Cost accounting is the process of collecting information about the costs incurred by a company’s activities, assigning selected costs to products and services and other cost objects, and evaluating the efficiency of cost usage.
Cost Accounting has certain limitations. Important among them are as follows:
(a) Based on estimates: Indirect costs are not charged fully to a product or process. It is charged to all the products and processes on the basis of estimates. Actual cost varies from the estimated cost. Due to these limitations, all cost accounting results are taken as mere estimates.
(b) Lack of uniformity: Procedures of cost accounting followed by different organizations are different for different products. There is no uniformity. There is also a possibility of difference in pricing material issues for production. All these lead to different cost results for the same operation.
(c) Many conventions: There are many conventions for classification of costs, pricing of material issues, apportionment of indirect costs, adoption of marginal or standard cost, etc. These create difficulty in determining the exact cost because no one type of cost is suitable for all purposes and in all circumstances.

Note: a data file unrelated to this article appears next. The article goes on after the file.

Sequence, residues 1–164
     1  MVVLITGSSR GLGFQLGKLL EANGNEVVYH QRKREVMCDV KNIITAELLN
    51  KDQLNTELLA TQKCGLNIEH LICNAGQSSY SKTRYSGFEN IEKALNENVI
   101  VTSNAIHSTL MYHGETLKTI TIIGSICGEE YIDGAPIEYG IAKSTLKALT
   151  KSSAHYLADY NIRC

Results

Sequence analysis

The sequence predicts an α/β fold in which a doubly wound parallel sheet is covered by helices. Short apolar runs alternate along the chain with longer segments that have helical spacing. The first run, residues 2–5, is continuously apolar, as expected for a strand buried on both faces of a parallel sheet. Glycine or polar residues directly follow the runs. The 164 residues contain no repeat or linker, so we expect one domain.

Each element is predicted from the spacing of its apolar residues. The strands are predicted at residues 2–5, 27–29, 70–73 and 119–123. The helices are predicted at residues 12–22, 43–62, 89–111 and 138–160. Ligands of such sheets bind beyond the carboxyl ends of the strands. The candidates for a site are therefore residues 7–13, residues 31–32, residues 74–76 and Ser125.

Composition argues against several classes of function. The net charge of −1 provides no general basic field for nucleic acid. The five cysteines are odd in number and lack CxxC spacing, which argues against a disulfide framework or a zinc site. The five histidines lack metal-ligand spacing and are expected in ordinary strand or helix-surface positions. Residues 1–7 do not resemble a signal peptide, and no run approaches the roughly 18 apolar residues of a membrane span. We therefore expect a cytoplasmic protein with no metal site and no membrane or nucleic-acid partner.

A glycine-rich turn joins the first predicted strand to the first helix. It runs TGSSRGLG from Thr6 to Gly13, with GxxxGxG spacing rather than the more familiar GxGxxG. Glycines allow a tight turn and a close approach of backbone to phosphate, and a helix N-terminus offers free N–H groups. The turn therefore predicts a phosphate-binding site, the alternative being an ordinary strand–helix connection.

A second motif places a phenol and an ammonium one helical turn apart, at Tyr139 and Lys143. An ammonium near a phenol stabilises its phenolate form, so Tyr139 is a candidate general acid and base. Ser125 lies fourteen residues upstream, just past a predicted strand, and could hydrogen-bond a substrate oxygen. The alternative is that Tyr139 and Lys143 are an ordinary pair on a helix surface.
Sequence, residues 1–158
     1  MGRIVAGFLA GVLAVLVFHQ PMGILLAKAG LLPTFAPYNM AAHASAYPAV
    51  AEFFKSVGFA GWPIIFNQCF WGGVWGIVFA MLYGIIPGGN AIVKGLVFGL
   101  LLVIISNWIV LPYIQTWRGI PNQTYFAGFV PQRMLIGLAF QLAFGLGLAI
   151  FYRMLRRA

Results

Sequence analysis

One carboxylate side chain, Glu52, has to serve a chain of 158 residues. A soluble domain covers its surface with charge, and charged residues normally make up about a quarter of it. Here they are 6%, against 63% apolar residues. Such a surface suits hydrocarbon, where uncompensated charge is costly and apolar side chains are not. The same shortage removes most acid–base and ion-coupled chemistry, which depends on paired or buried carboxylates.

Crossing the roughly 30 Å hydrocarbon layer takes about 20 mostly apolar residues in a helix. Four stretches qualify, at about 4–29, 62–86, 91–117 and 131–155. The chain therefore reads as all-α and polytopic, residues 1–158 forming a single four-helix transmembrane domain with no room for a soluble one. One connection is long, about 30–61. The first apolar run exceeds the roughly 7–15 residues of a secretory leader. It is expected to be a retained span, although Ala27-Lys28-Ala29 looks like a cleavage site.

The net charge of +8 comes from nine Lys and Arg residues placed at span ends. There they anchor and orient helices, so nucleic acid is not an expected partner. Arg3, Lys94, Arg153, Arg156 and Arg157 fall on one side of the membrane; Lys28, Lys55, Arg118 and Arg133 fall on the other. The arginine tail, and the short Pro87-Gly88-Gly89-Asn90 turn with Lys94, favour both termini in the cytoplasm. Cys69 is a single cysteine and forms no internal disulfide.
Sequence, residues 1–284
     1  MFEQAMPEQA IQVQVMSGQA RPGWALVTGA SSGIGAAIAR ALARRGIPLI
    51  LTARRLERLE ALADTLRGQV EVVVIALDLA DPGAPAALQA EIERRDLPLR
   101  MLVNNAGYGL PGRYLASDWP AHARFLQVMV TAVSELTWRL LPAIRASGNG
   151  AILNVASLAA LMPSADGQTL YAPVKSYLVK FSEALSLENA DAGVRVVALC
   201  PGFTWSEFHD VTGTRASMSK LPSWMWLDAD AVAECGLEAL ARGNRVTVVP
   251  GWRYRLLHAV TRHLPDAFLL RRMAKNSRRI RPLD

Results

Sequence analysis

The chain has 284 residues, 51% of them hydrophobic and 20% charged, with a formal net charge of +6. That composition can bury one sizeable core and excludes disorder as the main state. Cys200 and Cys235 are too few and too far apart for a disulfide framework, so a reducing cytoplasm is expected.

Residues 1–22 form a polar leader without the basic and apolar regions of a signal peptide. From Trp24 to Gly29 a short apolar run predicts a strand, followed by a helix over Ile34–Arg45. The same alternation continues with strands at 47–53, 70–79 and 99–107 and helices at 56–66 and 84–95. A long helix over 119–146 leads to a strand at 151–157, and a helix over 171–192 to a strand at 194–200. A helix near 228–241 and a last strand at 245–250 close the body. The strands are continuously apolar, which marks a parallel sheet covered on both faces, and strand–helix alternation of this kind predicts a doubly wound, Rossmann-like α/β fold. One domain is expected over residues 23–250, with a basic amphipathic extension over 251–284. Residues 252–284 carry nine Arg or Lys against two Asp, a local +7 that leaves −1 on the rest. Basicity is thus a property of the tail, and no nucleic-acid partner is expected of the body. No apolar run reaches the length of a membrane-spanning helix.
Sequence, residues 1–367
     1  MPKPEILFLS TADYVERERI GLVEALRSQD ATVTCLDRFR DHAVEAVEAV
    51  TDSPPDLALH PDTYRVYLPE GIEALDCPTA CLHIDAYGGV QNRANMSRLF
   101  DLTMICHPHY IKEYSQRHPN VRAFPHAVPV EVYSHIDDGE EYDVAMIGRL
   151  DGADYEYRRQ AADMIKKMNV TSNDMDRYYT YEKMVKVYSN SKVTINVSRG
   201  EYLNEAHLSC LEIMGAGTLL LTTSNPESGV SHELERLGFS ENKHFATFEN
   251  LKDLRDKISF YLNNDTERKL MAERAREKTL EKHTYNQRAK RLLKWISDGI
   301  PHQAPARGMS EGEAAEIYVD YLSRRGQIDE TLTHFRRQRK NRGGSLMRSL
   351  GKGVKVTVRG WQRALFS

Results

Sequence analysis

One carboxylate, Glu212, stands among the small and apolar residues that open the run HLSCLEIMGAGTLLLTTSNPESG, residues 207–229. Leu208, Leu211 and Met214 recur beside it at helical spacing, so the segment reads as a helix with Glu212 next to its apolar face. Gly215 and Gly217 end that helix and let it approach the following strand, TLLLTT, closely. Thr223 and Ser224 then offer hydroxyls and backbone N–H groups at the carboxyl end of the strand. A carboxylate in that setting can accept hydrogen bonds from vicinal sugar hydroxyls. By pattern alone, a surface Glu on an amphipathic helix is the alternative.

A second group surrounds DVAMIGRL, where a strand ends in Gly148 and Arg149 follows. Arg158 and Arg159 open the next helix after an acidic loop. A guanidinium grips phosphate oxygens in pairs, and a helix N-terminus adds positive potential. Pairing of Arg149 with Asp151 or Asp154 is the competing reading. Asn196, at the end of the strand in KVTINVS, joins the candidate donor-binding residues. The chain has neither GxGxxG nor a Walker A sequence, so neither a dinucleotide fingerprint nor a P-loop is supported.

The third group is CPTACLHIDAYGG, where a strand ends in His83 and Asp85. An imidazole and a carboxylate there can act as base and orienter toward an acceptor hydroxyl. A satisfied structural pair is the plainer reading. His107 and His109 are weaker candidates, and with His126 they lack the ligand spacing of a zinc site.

(d) Expensive: Cost accounting is expensive. It involves lots of clerical won for maintaining various costing records for different purposes. For medium and small size concern, the benefit derived from a costing system may not justify the cost involved.
(e) The result requires reconciliation: Information and results provided b; financial accounting and cost accounting may be different for them as an activity. This requires reconciliation to find out the correctness of the two before taking any decision.
(f) Dependent: It is not an independent system of accounting. It depends on other accounting systems.
(g) Does not include all items of expense and income: Items of purely financial nature such as interest, financial charges, discount and losses on an issue of shares and debentures, etc., are not taken into consideration in Cost Accounting.
(h) Not an exact science: Like other accounting systems, it is not an exact) science but an art that has developed through theories and practices.